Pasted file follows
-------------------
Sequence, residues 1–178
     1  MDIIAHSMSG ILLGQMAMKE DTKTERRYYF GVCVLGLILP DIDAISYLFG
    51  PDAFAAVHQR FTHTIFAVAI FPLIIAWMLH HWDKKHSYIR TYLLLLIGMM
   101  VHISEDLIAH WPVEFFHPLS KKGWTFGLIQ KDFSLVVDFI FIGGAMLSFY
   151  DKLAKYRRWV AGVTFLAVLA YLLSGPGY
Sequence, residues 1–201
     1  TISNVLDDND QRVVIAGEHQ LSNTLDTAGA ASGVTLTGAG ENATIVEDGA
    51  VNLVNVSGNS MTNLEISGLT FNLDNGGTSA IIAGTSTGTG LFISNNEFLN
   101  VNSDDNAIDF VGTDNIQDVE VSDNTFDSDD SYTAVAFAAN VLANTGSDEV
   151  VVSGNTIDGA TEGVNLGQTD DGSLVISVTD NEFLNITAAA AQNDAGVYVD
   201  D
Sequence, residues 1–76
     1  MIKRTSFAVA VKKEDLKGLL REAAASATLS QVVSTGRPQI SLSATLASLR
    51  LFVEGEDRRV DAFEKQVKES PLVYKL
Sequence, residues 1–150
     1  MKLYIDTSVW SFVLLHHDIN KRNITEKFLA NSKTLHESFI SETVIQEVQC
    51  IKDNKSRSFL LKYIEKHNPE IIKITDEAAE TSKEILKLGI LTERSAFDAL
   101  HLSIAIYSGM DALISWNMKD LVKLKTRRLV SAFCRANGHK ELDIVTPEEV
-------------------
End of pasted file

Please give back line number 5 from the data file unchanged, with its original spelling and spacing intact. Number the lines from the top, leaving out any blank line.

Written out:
   151  DKLAKYRRWV AGVTFLAVLA YLLSGPGY